Overall 42.9 36.66 42.06 85
Financial 23.2 33.5 25  
Banking 23.1 12.5 25  
Lending by banks 21.3 0 25  
Acceptance of deposits by banks 25 25 25  
Insurance 23.3 66.67 25  
Automobile Insurance 32.5 100 25  
Life Insurance 32.5 100 25  
Reinsurance 5 0 25  
Telecommunications 50   50  
Fixed-line telecommunications 50   50  
Mobile telecommunications 50   50  
Retail 25   25  
Transportation 56 75 48.86  
Air Passenger Domestic     50  
Air Passenger International 63.8 75 37.5  
Road Freight Domestic 25   25  
Rail Freight Domestic 100   100  
Professional 76 33.33 75 85
Accounting and Auditing 50 50 37.5 62.5
Accounting 30 0 25 50
Auditing 70 100 50 75
Legal 93.3 0 100 100
Legal Advice Foreign Law 80 0 100 100
Legal Advice Domestic Law 100   100 100
Legal Representation in Court 100   100 100

Here is another paper from the same authors where they look at landlocked countries’ comparative advantage in services trade. They argue that protection of services sector (telecommunications and air transport) by landlocked countries is not a smart policy because it is the one of the few sectors in which they have comparative advantage.They find that even moderate liberalization in these sectors could lead to an increase of cellular subscriptions by 7 percentage points and a 20 percent increase in the number of flights.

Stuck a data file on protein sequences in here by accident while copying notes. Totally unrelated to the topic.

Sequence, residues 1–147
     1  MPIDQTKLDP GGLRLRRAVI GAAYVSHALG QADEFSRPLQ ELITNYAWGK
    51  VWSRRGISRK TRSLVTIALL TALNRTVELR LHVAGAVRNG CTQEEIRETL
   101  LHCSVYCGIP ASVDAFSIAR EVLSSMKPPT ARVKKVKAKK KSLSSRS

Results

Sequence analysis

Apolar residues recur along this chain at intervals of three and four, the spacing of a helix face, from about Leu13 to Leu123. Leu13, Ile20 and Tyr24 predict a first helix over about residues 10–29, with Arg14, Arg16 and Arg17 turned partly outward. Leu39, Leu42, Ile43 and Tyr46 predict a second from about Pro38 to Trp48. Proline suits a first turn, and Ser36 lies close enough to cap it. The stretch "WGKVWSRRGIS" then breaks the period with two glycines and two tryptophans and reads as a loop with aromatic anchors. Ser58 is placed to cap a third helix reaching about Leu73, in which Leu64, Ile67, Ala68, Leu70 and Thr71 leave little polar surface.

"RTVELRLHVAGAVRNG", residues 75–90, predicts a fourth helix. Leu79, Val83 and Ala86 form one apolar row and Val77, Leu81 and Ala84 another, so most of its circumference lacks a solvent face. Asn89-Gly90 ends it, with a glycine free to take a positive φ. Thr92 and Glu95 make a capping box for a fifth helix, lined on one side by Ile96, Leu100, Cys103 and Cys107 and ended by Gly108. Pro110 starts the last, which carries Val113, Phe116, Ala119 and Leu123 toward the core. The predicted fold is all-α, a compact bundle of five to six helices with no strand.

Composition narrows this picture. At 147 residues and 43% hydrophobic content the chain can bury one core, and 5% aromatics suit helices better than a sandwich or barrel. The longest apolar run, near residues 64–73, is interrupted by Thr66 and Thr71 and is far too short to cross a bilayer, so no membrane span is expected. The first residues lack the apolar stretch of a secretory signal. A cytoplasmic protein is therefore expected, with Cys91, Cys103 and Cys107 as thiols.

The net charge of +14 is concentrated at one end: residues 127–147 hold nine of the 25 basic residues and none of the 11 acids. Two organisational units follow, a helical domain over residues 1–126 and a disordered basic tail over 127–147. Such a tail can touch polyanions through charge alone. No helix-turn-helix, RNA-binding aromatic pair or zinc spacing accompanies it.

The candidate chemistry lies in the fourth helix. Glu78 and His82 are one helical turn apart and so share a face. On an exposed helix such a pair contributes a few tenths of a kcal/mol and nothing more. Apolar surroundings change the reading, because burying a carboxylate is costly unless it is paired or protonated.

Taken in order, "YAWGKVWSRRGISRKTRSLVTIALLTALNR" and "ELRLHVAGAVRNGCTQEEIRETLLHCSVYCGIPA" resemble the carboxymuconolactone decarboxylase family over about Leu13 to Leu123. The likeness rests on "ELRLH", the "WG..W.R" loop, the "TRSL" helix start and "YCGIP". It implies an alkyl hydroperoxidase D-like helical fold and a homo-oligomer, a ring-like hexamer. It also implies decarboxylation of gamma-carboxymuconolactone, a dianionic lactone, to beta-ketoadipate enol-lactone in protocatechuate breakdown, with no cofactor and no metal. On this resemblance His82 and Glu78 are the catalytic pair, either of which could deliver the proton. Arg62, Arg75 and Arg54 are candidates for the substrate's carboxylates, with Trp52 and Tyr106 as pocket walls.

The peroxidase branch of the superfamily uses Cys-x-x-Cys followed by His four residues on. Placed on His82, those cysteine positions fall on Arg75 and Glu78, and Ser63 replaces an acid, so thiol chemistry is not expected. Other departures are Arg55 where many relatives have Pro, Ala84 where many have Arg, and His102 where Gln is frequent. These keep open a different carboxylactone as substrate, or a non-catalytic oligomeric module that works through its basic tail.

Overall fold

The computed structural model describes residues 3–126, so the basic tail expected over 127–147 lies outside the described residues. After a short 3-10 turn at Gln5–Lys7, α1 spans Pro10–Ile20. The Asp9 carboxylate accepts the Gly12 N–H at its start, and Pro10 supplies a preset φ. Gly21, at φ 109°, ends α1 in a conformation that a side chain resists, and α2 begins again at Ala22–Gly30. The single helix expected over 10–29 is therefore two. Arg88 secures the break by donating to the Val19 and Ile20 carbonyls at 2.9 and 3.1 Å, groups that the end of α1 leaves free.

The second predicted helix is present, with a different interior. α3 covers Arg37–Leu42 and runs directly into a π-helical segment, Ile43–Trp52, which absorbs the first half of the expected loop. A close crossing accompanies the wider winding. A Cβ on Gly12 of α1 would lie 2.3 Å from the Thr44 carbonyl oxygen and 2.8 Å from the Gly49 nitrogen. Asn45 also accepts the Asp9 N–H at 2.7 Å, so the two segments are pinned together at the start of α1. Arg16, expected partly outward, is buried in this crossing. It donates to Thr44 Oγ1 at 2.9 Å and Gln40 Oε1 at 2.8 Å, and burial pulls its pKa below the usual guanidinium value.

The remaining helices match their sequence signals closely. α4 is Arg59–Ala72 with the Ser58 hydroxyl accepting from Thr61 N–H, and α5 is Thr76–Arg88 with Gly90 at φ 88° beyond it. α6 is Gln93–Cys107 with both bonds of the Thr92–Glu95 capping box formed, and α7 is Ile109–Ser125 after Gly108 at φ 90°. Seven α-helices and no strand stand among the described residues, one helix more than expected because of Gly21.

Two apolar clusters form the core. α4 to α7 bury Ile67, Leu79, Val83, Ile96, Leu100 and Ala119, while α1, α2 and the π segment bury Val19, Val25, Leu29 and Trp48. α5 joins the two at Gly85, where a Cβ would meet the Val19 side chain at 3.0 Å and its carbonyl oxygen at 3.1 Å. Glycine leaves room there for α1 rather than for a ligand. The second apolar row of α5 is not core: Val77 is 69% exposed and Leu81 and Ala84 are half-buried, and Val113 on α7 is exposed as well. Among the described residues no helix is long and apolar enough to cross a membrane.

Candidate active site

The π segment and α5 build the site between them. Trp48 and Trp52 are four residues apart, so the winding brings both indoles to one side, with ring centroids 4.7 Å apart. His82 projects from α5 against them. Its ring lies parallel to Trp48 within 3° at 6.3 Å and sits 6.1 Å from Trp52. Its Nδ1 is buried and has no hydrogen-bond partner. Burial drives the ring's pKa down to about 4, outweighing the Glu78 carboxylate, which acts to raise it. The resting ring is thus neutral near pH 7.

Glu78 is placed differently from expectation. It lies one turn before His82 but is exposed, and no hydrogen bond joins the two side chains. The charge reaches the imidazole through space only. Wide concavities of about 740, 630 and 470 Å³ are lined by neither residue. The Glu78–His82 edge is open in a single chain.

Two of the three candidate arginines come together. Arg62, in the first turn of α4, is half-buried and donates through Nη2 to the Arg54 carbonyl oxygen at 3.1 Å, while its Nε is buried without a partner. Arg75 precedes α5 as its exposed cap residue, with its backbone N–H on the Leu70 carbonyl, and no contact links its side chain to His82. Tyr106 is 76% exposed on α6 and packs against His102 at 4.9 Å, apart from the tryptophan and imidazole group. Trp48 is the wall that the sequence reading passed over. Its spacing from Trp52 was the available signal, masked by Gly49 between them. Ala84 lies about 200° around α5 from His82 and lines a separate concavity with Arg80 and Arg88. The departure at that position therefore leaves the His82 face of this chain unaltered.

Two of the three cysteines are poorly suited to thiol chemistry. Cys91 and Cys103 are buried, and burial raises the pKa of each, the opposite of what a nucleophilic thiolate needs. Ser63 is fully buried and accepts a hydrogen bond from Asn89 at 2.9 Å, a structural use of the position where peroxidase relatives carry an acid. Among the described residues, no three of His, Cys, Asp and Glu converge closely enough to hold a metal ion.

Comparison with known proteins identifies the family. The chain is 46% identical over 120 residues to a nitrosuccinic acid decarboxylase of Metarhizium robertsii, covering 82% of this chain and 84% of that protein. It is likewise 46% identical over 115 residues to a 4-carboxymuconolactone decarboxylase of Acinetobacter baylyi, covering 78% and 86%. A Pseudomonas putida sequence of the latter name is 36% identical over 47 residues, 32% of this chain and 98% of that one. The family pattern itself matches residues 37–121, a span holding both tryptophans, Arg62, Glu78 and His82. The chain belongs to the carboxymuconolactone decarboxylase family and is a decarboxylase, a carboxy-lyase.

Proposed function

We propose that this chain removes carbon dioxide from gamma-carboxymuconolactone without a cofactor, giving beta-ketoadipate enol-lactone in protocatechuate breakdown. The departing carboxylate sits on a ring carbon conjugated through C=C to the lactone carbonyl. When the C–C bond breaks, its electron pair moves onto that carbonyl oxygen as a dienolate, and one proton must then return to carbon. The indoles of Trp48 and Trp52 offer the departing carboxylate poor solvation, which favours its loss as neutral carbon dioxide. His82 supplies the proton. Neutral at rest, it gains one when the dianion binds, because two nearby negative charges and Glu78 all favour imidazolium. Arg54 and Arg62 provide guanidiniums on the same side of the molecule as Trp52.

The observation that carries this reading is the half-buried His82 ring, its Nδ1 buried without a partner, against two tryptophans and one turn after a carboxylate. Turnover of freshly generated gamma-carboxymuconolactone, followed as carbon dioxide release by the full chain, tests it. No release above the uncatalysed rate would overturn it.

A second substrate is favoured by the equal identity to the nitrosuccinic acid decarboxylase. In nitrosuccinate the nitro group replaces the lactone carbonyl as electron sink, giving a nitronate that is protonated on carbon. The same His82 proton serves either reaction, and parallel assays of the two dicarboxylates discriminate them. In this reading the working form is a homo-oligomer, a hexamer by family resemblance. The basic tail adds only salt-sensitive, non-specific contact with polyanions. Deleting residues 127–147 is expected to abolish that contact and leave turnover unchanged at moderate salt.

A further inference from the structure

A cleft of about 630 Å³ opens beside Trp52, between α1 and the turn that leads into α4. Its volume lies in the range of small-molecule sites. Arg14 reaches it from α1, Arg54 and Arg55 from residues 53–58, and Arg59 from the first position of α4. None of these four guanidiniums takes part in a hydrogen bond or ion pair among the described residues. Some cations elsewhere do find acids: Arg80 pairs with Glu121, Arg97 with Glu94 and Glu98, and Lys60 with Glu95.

For more, see this previous blog post about services trade competitiveness of Nepal. Computing RCA index for Nepal’s exports of each services sector category reveals that Nepal actually enjoys comparative advantage in all of them (this despite the fact that there is trade deficit in three of the six sub-sectors).

2008 2009 2010 2008 2009 2010
Product name RCA index Trade balance (US$ million)
Total services 1.52 1.47 2.23 -128.09 -136.86 -199.07
Transportation 0.37 0.59 0.63 -304.62 -233.07 -241.42
Travel 4.23 5.00 4.55 -45.93 -20.56 -58.09
Communications services 5.59 4.54 8.62 40.91 16.11 3.13
Insurance services 0.10 0.19 0.06 -29.79 -25.41 -29.59
Other business services 1.11 1.31 1.87 -6.41 35.79 63.25
Government services, n.i.e. 26.73 11.46 10.63 217.75 90.28 63.65

Source: Author’s computation based on ITC’s Trade Map database.

A review of Finance Minister Pun’s partial budget

It was published in Nepali Times online on July 16, 2012.

Budget discord

After much disagreement over the size and nature of budget for fiscal year 2012/13, Finance Minister (FM) Barsha Man Pun finally unveiled, through ordinance, “The Bill for Authorizing Withdrawal and Expenditure from Consolidated Fund for the Services and Works, 2012” (simply a partial budget) on July 15. The expected expenditure is approximately Rs 161.24 billion, of which Rs 51.29 billion is earmarked for debt servicing and expense of constitutional bodies. The remaining expenditure of Rs 109.72 billion is equal to one-third of the revised expenditure estimate of fiscal year 2011/12.